Financial conditions are improving but companies are still unconfident about the outlook for borrowing,” Governor Masaaki Shirakawa told reporters after today’s decision. The central bank said the economy will shrink a record 3.4 percent this fiscal year, more than the 3.1 percent predicted in April.
Extending the programs of buying corporate debt from banks and providing them with unlimited loans underscores the central bank’s concern that an economic rebound may be short-lived. Political turbulence ahead of Aug. 30 elections puts a bigger onus on the board to bolster the economy, said Hiroaki Muto.
The policy board also decided to keep the benchmark overnight lending rate at 0.1 percent.
The bank began purchasing commercial paper and corporate bonds this year after lowering the key rate to 0.1 percent in December. It had 473 billion yen ($5.1 billion) of the securities on its balance sheet as of July 10. Policy makers also offered unlimited three-month loans to commercial banks at 0.1 percent in exchange for approved collateral. The bank extended the three programs to Dec. 31 from Sept. 30.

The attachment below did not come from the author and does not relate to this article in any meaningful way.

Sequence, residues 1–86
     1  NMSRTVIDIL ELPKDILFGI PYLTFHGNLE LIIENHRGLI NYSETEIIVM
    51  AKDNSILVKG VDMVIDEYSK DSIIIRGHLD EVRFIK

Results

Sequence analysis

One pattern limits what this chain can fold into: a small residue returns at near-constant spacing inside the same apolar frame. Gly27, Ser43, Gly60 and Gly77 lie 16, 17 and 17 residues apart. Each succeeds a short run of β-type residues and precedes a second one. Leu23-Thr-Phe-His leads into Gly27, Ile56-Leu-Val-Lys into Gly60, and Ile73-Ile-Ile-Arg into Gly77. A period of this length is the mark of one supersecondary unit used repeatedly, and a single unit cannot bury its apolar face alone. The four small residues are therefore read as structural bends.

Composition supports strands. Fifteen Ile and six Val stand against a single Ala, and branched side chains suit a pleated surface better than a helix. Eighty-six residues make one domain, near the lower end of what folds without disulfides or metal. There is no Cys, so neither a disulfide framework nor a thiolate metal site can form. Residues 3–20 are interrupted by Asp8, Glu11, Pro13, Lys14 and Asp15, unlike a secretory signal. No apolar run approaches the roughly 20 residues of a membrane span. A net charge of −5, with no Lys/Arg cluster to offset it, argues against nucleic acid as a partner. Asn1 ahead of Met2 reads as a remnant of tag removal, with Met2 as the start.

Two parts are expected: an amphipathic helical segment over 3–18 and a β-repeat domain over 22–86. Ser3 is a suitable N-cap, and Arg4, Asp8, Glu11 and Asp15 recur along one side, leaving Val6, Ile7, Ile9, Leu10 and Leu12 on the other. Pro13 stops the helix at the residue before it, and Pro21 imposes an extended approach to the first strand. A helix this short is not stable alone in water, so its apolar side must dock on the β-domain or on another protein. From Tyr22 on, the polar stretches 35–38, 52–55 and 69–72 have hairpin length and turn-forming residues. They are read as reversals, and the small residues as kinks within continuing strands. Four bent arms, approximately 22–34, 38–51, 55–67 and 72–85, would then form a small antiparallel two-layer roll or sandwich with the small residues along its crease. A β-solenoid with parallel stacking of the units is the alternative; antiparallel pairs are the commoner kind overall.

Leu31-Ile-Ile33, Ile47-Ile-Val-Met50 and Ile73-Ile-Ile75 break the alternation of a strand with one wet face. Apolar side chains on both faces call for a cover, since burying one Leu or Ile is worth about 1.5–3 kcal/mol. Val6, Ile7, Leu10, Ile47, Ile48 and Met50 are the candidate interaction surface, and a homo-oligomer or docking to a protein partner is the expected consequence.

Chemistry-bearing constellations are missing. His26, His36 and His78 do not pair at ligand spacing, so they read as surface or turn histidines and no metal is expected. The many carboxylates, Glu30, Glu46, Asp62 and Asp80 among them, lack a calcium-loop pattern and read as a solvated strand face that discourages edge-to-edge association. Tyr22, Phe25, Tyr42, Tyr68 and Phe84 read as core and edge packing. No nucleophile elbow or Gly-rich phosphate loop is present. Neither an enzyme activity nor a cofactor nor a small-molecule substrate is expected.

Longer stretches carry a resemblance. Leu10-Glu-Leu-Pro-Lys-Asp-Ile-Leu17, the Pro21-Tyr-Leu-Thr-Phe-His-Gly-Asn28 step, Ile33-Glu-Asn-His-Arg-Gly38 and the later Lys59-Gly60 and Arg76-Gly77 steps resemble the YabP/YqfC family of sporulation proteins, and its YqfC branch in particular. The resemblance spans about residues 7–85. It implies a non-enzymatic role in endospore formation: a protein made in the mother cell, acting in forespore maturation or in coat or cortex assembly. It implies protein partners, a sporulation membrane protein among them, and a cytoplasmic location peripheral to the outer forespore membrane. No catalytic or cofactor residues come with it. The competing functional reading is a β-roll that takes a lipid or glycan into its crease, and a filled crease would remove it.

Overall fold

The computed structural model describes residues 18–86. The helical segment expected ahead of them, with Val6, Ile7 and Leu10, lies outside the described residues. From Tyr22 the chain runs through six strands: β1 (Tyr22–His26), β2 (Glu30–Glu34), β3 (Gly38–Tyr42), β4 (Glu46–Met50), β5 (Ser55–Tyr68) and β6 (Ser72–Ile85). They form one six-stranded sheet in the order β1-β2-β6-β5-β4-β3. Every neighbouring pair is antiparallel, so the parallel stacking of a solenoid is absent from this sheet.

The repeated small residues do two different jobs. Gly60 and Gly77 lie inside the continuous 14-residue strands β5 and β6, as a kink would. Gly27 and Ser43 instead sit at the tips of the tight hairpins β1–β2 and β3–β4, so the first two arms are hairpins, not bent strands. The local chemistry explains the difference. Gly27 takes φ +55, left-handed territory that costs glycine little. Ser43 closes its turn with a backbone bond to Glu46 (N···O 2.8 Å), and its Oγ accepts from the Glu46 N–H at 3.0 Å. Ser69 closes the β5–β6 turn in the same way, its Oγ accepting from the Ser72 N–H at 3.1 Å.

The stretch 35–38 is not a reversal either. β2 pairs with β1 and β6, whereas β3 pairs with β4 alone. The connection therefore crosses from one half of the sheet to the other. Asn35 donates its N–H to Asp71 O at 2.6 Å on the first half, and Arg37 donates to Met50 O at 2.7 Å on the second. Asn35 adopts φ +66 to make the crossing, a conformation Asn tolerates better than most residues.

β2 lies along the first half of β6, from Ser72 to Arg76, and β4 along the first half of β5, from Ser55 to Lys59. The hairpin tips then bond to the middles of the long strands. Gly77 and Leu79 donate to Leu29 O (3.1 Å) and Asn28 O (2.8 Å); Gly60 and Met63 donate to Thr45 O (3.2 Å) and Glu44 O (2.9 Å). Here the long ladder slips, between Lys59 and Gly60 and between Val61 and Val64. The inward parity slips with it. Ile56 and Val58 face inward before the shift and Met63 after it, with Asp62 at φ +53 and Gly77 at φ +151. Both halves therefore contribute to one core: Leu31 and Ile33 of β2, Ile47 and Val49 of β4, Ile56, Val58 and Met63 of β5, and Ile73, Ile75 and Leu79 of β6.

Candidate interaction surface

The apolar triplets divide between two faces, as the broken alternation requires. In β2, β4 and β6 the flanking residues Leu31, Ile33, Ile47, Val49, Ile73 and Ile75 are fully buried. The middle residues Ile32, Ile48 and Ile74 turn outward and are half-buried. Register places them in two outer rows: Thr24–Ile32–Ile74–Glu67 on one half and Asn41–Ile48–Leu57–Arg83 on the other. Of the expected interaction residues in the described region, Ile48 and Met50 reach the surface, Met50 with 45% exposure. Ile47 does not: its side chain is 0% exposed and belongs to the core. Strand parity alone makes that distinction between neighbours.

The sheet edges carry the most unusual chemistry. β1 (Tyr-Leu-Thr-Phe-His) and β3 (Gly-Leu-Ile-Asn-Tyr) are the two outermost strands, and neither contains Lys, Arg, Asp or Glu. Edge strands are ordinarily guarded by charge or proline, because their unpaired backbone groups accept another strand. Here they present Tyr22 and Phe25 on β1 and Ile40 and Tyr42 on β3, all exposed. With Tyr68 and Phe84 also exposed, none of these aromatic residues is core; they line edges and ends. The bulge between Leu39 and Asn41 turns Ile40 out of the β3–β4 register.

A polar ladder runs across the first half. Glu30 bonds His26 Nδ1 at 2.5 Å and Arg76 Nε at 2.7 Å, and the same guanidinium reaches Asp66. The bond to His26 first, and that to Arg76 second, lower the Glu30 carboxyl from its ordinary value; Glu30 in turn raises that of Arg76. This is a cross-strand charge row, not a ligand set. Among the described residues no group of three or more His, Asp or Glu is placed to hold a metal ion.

Japan’s central bank has more leeway to keep its measures in place because they’re smaller in scale and there is little risk of inflation taking hold, said Sumitomo Mitsui’s Muto.
The central bank ended an earlier quantitative easing policy in March 2006, during Japan’s longest postwar expansion.
The economy probably grew for the first time in more than a year last quarter, expanding at an annual 2.4 percent pace after plunging a record 14.2 percent in the first three months, according to economists surveyed by Bloomberg News.
The revival may not be sustained as falling profits prompt businesses to trim investment and jobs and banks remain reluctant to lend to companies, the central bank’s Tankan confidence survey showed this month. Bank lending grew at the slowest pace in eight months in June.
The bank will also continue to pay interest on reserves until Jan. 15. The program, which currently pays 0.1 percent on cash parked at the central bank, was set to expire on Oct. 15.